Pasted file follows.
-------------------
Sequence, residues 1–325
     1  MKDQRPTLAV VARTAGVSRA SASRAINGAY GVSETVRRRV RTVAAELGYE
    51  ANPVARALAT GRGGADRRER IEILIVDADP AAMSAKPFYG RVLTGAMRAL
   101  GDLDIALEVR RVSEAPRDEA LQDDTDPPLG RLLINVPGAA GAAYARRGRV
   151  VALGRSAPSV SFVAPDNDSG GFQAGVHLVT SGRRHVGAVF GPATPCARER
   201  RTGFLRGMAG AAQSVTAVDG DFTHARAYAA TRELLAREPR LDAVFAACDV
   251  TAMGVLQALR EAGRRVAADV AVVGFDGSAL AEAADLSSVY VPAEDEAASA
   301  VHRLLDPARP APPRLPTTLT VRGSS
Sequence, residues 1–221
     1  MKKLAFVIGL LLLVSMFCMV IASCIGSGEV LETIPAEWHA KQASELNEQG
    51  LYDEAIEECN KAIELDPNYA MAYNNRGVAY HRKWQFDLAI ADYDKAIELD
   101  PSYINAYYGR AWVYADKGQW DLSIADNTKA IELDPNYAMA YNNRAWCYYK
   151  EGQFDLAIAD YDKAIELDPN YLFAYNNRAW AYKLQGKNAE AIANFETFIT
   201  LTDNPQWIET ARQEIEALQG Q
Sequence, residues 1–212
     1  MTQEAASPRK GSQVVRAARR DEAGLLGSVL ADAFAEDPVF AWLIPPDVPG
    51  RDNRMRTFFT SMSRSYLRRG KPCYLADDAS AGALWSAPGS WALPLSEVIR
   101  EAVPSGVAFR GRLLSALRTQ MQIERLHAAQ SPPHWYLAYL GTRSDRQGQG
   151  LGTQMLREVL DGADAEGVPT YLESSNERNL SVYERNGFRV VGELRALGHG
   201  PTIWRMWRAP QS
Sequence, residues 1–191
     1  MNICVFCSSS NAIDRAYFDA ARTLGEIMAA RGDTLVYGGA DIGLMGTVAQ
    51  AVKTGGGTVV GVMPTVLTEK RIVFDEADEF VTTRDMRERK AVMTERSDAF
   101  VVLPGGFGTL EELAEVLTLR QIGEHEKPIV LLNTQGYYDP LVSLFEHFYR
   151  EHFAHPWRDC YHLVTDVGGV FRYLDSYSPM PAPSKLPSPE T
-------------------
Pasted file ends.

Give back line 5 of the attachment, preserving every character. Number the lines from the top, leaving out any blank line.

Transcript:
   151  VALGRSAPSV SFVAPDNDSG GFQAGVHLVT SGRRHVGAVF GPATPCARER